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QUESTION: My son in almost 12 years old and still wets the bed almost nightly. Would typing his blood and following the right diet for his blood help him?
ANSWER: To the degree that a diet specific to his metabolism can have as its effects the elimination of foods your son is allergic or intolerant to.. then yes, following tha appropriate blood group diet could be quite beneficial. Bed-wetting is often caused by food intolerance. (1) Depending on the child's blood group, omitting cow's milk, wheat, corn, carbonated beverages, chocolate, refined carbohydrates (including junk food), and products containing food coloring can make a profound difference.(2)
While this problem can be very frustrating, keep in mind it is very common. The problem occurs in approximately five to seven percent of all 10-year-old children. The problem occurs in two to four percent of children ages 12 to 14. This is a problem that also tends to affect twice as many boys and girls.
Other than a small bladder for his age, some research has shown that a child may have insufficient nighttime quantities of a hormone called antidiuretic hormone (ADH). Generally, ADH levels rise at night and reduce urine production during sleep. However, in some children there is inadequate nighttime ADH production, and so he or she produces more urine. One approach to treating bed-wetting involves increasing ADH. A high wheat diet has been shown to decrease ADH.(3)
Some evidence seems to implicate variations in the body's levels of nitric oxide during the course of the night, and in some people it may drop low enough to cause excessive relaxation of their vascular beds. Since nitric oxide is a least partialy influenced by supplementation with the amino acid arginine, perhaps a trial of L-arginine supplementation could be explored along with dietary changes. Arginine is also part of the ADH hormone arginine vasopressin (AVP), and extra supplenetation may help maintain high enough levels of ADH over night to prevent bed wetting.(4)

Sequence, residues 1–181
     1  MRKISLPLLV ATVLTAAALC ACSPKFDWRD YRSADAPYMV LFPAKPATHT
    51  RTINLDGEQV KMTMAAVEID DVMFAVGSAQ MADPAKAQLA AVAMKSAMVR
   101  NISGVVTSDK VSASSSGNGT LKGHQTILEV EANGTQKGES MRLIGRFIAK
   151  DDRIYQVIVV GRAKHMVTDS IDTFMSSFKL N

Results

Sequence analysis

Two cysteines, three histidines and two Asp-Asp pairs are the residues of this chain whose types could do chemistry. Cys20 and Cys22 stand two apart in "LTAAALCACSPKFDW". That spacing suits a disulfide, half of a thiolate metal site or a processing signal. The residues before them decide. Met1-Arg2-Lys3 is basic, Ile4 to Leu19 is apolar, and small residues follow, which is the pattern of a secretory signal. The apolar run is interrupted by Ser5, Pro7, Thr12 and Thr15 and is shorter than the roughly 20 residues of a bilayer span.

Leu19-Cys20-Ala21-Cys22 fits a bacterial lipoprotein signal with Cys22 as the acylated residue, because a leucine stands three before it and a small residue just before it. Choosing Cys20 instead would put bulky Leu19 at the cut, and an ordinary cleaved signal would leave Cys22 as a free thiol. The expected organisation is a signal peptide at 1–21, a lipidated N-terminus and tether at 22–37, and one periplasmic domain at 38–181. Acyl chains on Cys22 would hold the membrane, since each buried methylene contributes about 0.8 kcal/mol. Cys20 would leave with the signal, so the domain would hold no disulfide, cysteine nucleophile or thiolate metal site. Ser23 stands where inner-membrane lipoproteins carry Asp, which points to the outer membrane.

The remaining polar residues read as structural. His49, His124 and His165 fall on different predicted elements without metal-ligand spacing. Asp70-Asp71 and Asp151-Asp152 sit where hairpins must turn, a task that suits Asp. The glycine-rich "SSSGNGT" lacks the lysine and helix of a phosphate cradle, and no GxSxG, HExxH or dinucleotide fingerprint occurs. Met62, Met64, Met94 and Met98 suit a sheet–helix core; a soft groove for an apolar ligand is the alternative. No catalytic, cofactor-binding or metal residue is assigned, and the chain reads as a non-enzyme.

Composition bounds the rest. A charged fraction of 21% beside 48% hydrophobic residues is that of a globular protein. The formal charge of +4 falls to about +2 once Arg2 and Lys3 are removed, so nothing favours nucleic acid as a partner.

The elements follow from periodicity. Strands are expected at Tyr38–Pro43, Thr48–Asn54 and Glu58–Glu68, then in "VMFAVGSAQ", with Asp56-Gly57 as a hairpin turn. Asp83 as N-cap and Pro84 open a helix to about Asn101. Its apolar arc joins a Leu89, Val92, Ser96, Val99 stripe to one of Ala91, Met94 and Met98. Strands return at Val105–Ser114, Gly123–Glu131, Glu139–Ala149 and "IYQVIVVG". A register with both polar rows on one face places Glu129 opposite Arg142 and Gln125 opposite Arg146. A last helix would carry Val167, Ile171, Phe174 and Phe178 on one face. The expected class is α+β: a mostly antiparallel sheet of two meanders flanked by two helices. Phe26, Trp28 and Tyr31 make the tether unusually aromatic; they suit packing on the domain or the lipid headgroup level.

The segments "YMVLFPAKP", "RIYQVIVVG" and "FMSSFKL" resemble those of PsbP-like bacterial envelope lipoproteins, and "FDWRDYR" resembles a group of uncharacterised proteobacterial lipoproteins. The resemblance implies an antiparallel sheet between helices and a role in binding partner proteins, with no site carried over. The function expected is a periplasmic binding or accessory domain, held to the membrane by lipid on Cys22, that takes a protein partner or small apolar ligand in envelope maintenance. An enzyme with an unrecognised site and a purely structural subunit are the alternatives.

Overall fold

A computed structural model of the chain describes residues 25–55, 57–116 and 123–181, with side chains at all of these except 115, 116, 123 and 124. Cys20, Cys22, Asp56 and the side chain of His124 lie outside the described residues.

1. Egger J, Carter CH, Soothill JF, Wilson J. Effect of diet treatment on enuresis in children with migraine or hyperkinetic behavior. Clin Pediatr (Phila) 1992 May;31(5):302-7
2. Oei HD, Pelikan-Filipek M, Pelikan Z, van Vliet AC. [Enuresis and encopresis as a reaction to food]. Ned Tijdschr Geneeskd. 1989 Aug 5;133(31):1555-7. Dutch
3,Sachan DS, Mynatt RL. Wheat gluten-based diet retarded ethanol metabolism by altering alcohol dehydrogenase and not carnitine status in adult rats. J Am Coll Nutr. 1993 Apr;12(2):170-5.
4. Robertson G, Rittig S, Kovacs L, Gaskill MB, Zee P, Nanninga J. Pathophysiology and treatment of enuresis in adults. Scand J Urol Nephrol Suppl. 1999;202:36-8; discussion 38-9.